Salvini says Sefcovic should apologise and shut up

Italian Interior Minister Matteo Salvini (C) speaks at a local election rally in Cinisello Balsamo, near Milan, Italy, 17 June 2018. EPA-EFE/FABRIZIO RADAELLI

Salvini says Sefcovic should apologise and shut up


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Italian Deputy Prime Minister Matteo Salvini said on Monday that it would be best for European Commission Vice-President Maros Sefcovic to “apologise and shut up.”

On Monday, Sefcovic told the Italian news agency ANSA that the rise of Eurosceptic sentiments in Italy were a cause for concern and expressed the hope that “Italy returns to being the great G7 country that is strongly pro-EU again.”

Matteo Salvini said that Sefcovic was attacking Italy, the League and the government; he went on to note that “Eurobureaucrats ignored our country’s requests for help to stop the arrivals and saddled us with 700,000 immigrants.”

Salvini then called on Sefcovic to “apologise and shut up.”

This statement does not bode well for a month in which the Italian government will be negotiating its 2019 budget with Brussels. The first draft of the budget will be submitted to the Italian parliament on September 27 and a formal vote will take place on October 20.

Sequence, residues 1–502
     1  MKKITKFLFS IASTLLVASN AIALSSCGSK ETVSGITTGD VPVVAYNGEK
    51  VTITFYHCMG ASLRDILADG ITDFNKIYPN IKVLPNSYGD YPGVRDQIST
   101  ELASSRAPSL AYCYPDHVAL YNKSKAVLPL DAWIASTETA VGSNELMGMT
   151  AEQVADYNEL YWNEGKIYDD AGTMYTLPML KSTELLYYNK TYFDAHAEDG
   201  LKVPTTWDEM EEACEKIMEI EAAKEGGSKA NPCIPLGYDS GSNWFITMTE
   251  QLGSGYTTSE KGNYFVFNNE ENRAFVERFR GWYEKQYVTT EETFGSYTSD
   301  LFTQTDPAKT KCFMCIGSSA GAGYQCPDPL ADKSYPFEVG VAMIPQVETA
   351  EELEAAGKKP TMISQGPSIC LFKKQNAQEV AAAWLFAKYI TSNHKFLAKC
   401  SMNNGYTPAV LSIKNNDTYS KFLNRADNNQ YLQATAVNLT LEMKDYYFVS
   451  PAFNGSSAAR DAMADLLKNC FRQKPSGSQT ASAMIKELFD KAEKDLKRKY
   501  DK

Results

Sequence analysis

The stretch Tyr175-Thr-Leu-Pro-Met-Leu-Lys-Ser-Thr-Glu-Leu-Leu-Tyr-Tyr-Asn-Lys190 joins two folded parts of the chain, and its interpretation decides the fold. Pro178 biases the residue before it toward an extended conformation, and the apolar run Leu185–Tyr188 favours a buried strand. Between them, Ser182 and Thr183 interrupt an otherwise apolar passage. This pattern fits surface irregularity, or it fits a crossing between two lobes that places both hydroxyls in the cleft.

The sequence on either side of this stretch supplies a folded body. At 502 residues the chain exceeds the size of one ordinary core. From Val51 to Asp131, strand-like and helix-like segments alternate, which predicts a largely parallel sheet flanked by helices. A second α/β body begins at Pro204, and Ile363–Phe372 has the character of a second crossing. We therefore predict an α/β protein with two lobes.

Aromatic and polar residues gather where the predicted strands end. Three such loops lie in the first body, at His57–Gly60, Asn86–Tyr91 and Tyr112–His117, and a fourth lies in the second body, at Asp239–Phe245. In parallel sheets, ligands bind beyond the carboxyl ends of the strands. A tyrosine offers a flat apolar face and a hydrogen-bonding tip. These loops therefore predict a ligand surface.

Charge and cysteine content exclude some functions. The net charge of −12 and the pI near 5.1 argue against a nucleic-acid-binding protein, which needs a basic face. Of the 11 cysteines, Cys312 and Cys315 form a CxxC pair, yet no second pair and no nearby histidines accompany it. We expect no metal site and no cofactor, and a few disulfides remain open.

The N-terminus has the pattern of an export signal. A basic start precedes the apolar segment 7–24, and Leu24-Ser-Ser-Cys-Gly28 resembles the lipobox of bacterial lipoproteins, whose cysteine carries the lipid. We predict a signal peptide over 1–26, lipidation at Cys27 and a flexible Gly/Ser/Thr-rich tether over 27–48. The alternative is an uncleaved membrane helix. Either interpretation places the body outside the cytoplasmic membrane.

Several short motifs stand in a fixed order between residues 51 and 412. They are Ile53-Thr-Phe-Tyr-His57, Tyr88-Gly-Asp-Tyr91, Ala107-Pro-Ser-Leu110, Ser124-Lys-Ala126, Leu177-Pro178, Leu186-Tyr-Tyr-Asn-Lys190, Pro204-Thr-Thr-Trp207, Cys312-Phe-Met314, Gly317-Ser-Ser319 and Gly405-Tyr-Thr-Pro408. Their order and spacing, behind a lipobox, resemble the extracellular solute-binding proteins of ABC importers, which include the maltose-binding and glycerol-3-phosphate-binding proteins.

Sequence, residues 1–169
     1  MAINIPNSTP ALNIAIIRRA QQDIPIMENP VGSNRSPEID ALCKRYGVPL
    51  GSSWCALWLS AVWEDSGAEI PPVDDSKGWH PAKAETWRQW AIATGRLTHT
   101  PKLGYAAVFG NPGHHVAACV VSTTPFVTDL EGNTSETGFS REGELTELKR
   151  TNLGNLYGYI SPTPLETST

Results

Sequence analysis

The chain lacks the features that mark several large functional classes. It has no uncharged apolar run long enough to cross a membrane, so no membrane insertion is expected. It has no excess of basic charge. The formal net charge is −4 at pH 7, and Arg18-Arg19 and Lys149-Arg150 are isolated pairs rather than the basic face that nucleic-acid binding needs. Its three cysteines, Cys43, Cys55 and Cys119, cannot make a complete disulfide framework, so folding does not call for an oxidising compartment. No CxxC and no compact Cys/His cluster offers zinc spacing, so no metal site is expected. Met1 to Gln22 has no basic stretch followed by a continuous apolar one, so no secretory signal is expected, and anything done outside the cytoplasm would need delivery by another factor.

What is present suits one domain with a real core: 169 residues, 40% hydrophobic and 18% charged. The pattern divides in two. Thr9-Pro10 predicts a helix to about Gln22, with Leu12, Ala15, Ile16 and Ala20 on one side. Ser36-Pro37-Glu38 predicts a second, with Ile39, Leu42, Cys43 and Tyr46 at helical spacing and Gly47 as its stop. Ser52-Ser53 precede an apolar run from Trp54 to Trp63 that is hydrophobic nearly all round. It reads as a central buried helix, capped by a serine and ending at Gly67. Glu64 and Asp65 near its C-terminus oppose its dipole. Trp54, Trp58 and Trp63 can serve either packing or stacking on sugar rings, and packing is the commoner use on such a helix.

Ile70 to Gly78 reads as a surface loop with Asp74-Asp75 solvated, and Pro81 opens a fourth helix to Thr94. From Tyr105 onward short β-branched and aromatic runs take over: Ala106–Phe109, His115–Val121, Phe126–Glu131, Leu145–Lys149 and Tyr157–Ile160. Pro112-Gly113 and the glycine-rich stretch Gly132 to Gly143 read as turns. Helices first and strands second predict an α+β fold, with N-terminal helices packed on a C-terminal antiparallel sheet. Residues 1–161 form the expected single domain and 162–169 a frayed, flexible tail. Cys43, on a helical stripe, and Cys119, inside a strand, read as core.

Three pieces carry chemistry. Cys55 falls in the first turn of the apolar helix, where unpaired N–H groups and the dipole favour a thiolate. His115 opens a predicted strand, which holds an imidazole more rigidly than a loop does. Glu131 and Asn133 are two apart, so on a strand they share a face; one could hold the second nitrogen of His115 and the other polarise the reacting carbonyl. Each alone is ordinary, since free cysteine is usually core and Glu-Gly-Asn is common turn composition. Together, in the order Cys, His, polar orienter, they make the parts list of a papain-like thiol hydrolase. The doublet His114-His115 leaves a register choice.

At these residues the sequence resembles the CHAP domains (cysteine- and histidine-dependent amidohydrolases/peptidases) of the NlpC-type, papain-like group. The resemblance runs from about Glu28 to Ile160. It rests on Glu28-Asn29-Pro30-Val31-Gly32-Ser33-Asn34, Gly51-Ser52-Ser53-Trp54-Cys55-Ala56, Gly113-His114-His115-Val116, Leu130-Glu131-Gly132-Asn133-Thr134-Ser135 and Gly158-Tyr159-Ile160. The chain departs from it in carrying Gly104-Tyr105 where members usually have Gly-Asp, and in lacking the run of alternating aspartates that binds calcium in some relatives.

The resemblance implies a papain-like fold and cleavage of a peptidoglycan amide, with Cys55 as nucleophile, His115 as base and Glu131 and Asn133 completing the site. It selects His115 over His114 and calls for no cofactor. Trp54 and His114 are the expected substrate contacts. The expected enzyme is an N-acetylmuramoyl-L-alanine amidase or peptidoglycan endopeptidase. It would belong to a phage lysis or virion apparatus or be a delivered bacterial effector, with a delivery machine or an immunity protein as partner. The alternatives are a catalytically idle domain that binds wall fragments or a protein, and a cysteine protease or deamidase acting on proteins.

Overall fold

The Italian cabinet meets on Tuesday to discuss the 2019 budget. Deputy prime ministers Luigi Di Maio and Matteo Salvini are pushing for a larger deficit than Economy Minister Giovanni Tria.

Tria has told the Eurogroup that Italy will maintain the public deficit below the 2018 1,7% level, Corriere della Sera reported on Monday. In effect, Tria wants to double the 2019 target of 0,8% deficit agreed with the Commission to 1,6%; Luigi Di Maio and Matteo Salvini want to push the deficit further to just under 3% of the GDP.

The minister of the economy is keen to appease members of the Eurogroup as well as markets, amid surging sovereign bond yields, a negative outlook by Fitch Ratings, and decelerating growth.

 Meanwhile, the governing coalition wants to push through a two-tier flat tax reform pushed by the Lega and a guaranteed minimum income of €780 championed by the Five Star Movement (MS5). Italy’s public debt stands at 132% debt to GDP ratio, second only to Greece.

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